Trisha Donnelly’s marble sculpture paired with her ever-morphing digital video works invite glimpses into the perceptive unconscious. On show at Museum Ludwig in Cologne, her brittle works are also fluid, yet based in a indefinite photographed substance. What one sees is not so much determined by what Donnelly shows but by how one lets the mind wander, and the senses be moved in relation to her work.
Donnely demonstrates the infinite potential of video art and its capabilities for catapulting the viewer into a state of experiential suspension.
The darkened space at the far corner of the museum’s lower level where her works are shown might well be deemed the lower deck of a space station. The longer one spends time with her works and activates one’s optic capabilities in constellation to them, the more liminal the encounter becomes. These videos in particular demonstrate the infinite potential of video art and its capabilities for catapulting the viewer into a state of experiential suspension.
On the occasion of being awarded the Wolfgang-Hahn-Prize 2017 by Museum Ludwig, the San Francisco-born artist (whose wide range of materials also includes drawing and performance) has arranged three video works in relation to a thinly sliced marble tableau propped up against the wall and taking on the role of a haptic gateway to her digital works. The only pointer about their making is the year of creation (2017). Besides this the works remain untitled as is customary for Donnelly who often conceives of a particular work as an extension of previous pieces.
Indeed, the monochromatic silver surface of the first video projection that is visible as one enters the show resonates an untitled video from 2014 played on loop at Buchholz gallery in Berlin this spring. The chromium surface carrying an industrial flair and morphing in and out of shape manifest itself here like an apparition on what was on view in Berlin – with added gutters and serpentine lines.
In light of Donnelly’s tactics, the realm of video art appears infinitely expansive
Donnelly’s video works are often based on digital photographs, analog re-workings of their printouts and further layers of processing of the resulting materials. This inextricable fusion of source codes through the electronic sphere of digital processing is palpably present in another projection: a green texture flanked by two vertical red lines. A white beam crosses the image from top to bottom, a kind of light-scanner extracting all color and absorbing it into brightness once it comes into contact with a particular section.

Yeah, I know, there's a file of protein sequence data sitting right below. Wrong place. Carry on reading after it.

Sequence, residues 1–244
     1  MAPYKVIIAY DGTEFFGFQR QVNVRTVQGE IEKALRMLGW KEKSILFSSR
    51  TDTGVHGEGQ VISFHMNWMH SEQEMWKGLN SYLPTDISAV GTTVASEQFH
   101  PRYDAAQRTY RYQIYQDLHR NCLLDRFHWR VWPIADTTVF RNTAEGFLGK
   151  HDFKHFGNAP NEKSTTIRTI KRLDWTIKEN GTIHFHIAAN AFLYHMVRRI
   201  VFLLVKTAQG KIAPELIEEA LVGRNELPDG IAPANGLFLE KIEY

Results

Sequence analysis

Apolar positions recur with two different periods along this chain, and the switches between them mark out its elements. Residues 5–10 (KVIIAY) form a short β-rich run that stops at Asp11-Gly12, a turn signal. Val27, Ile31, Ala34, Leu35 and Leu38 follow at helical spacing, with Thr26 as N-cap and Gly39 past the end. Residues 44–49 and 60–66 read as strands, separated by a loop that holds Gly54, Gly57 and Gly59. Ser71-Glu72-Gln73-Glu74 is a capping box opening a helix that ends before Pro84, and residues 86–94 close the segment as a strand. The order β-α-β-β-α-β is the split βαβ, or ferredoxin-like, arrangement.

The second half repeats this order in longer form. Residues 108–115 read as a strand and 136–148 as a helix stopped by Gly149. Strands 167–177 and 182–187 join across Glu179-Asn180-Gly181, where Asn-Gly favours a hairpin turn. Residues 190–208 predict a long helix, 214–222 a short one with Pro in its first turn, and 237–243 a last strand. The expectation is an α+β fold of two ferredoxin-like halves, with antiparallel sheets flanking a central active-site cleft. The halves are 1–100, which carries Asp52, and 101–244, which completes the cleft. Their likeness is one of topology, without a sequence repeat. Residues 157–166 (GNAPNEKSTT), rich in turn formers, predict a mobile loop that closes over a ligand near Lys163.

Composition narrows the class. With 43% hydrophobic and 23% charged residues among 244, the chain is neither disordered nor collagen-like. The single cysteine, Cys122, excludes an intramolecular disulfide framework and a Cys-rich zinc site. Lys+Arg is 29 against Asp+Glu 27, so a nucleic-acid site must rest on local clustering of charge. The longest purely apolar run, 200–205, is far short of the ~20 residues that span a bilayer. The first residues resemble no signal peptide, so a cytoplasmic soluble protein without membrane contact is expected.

In light of Donnelly’s tactics, the realm of video art appears infinitely expansive. She makes explicit the function of photographs as the basis of film’s moving images only to twist this very foundation. It seems as if the presence of single takes is not hidden by adjusting their speed so that they appear as sequential movements. Instead, Donnelly alters their function, by not making many images move over progressing moments in time, but creating the impression of continuously stretching, folding and morphing a single image across the screen into infinite shapes. This process creates a sensation of walking deeper into layers of time, rather than following its chronological passing.
The effect of video appearing not through moving images but as moving image is aided by the way Donnelly cuts through the habits of projection and positions her works vertically. Movement enters the scene as the transformation of perceptional habits vis-à-vis the alternate arrangements and material energies manifesting themselves in these theatrical spaces.
The third seemingly inconspicuous, small projection emanating from the base of the video projector is where the show becomes uncannily sublime. Here, a set of rings (perhaps from a binder) meet a bright white field. Staring at the projection for too long hurts the eyes – yet every time I moved my head to look away, bright colors appeared in the corner of my eye. Staring into the light as long as possible to determine whether I simply missed a frame in the projection was pointless.
And there I found myself in the midst of Spiritism, trying to use technology to capture the invisible. When photographing the screen, the pattern revealed itself again: crisscrossing pillars much like on test cards used in television and screen calibration to probe the spectrum of visible colors. “Spectrum” designates electromagnetic emissions including light or a complete subset of colors. Its etymological kin “spectre” however is an even better frame for describing what emanates from Donnelly’s work: an optical illusion or – a ghostly presence. This is one that activates the senses including the infamous sixth one.
“Trisha Donnelly: 2017 Wolfgang Hahn Prize” is at Museum Ludwig, Cologne, Germany until 30 July 2017